Governor Raja Nawaf Farhan al-Mahalawi was captured as he drove from al-Qaim to the provincial capital of Ramadi on Tuesday morning, said his brother Hammad.
The kidnappers later telephoned the family and said they were holding the governor until US forces pull out of the Syrian border town of al-Qaim, Hammad Nawaf Farhan al-Mahalawi said.
"The kidnappers have demanded that American forces leave al-Qaim in order to release him," he said.
Lieutenant-Colonel Steven Boylan, a spokesman for US forces in Iraq, said: ''We don't respond to insurgent or terrorist demands.''
Major US offensive
US forces are conducting one of their largest offensives in six months in the remote desert region.
The US command said as many as 100 fighters were killed in the first 48 hours of Operation Matador, as American troops cleared villages along the meandering Euphrates then crossed in rafts and on a pontoon bridge.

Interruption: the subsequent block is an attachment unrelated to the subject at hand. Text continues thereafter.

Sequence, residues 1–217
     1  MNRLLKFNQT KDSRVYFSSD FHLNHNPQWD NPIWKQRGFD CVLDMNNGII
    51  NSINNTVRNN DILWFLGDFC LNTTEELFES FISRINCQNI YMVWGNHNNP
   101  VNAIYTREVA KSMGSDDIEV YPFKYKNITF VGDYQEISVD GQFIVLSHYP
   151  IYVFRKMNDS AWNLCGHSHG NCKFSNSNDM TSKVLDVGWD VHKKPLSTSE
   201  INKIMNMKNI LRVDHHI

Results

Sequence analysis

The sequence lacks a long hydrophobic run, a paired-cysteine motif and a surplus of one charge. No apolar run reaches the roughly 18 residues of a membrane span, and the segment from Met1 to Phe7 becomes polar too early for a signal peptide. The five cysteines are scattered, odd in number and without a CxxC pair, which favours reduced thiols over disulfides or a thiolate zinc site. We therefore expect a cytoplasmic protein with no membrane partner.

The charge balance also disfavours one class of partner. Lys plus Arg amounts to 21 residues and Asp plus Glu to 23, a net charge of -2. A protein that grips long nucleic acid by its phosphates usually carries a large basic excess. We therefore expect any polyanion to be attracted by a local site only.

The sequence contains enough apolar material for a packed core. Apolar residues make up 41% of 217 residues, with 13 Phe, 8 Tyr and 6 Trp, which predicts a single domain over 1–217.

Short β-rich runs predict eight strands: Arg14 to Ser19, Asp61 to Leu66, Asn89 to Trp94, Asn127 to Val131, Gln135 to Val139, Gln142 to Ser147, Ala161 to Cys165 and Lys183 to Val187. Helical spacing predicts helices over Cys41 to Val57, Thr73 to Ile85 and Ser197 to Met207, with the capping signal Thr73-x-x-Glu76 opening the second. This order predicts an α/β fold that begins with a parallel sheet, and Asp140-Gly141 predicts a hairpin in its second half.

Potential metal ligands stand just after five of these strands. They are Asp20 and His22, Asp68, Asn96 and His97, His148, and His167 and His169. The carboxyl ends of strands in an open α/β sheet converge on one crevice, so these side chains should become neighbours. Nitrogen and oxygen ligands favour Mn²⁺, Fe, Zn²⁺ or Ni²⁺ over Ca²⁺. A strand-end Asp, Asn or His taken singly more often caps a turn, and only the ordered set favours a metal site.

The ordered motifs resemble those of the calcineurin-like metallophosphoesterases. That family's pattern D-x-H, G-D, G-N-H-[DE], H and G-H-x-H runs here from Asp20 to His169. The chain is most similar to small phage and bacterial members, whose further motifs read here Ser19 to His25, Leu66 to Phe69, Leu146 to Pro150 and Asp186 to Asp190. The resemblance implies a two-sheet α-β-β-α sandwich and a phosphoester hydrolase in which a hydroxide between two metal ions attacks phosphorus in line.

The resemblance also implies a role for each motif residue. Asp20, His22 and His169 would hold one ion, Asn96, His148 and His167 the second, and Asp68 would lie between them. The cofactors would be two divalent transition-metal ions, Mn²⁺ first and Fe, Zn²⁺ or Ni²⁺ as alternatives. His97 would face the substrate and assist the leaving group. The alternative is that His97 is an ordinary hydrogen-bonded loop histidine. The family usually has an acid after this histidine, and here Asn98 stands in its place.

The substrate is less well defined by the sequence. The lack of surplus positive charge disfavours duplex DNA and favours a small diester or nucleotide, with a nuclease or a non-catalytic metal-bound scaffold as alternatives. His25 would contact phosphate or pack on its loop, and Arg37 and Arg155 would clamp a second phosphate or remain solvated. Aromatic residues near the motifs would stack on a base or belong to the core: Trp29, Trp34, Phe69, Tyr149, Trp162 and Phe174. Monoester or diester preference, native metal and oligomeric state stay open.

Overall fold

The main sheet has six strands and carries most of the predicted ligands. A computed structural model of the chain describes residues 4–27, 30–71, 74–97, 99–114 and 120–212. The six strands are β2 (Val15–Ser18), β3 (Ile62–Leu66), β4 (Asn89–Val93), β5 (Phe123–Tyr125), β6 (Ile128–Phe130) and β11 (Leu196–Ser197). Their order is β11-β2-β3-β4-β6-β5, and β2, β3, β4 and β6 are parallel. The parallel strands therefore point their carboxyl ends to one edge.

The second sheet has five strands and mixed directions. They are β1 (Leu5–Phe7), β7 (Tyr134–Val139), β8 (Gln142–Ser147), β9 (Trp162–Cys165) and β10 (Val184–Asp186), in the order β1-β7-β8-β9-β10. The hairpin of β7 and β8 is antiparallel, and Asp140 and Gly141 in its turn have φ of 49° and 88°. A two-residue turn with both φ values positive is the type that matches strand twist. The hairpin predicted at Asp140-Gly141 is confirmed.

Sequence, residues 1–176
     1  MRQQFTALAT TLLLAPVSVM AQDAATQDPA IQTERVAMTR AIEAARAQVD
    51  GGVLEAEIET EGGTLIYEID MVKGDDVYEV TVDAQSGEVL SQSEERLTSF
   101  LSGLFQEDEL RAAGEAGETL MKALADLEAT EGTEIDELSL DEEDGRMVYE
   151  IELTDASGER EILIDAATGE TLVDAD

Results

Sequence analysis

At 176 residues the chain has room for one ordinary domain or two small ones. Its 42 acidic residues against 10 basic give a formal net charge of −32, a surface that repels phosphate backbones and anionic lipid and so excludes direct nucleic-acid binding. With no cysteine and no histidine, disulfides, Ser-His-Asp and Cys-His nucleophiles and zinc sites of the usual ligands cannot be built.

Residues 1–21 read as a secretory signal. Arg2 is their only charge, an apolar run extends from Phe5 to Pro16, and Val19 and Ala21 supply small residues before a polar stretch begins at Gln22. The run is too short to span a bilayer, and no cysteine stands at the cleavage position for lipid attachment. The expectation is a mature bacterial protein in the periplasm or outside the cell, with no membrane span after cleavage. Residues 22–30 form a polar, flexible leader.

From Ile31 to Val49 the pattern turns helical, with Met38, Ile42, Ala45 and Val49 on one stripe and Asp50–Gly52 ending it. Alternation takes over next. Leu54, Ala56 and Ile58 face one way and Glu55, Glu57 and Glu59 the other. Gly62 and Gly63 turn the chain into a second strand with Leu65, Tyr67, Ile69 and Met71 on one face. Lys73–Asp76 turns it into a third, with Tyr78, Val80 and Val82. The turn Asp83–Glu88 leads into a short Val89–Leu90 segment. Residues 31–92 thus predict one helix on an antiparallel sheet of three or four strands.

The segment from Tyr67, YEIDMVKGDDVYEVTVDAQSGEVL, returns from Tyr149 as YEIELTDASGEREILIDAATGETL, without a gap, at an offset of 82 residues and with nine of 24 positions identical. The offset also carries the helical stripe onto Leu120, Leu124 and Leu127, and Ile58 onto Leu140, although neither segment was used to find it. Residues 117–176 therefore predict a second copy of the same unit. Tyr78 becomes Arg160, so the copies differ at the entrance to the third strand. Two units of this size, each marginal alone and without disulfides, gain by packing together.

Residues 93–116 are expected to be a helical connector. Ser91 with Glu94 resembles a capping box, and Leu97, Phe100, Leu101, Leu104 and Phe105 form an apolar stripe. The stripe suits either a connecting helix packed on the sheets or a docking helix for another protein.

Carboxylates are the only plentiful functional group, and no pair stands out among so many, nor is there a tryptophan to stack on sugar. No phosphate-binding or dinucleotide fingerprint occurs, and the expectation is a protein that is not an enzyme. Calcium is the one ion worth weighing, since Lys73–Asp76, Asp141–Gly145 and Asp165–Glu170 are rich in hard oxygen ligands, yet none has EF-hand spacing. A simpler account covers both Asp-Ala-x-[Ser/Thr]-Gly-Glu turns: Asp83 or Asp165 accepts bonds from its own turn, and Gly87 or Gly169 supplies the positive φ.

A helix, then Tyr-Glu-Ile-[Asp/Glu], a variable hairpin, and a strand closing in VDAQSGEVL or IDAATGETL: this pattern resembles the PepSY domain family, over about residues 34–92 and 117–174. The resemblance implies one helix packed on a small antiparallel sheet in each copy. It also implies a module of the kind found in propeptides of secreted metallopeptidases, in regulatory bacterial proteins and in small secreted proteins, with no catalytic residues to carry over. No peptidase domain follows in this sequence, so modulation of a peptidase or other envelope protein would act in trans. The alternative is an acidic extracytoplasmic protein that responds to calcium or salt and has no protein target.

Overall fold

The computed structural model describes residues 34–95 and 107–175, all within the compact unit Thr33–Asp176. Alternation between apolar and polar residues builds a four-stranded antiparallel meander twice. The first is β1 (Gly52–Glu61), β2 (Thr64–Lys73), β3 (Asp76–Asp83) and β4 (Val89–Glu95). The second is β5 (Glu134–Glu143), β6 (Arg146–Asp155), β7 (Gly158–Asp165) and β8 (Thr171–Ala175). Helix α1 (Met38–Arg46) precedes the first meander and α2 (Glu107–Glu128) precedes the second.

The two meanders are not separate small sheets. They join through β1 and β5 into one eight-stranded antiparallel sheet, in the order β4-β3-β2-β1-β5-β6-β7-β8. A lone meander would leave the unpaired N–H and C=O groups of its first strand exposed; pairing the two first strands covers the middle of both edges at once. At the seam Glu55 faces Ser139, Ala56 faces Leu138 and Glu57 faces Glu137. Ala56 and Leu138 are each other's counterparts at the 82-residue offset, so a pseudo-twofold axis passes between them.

"We don't respond to insurgent or terrorist demands"
spokesman for US forces in Iraq
At least three marines were reported killed and 20 wounded during the first three days of the offensive, the biggest US operation since Falluja, six months ago.
Al-Mahalawi only recently became governor after tribal leaders forced out his predecessor Faisal Raikan al-Gut al-Nimrawi, who narrowly escaped a roadside bombing in February.
Al-Mahalawi, who is originally from al-Qaim, served as mayor of the town under Saddam Hussein.
Speaking to Aljazeera from the Iraqi town of al-Qaim, 340km west of Baghdad, director of al-Qaim hospital Dr Hamdi al-Alusi said: "I confirm that most casualties are civilians, namely elderly men, women and children."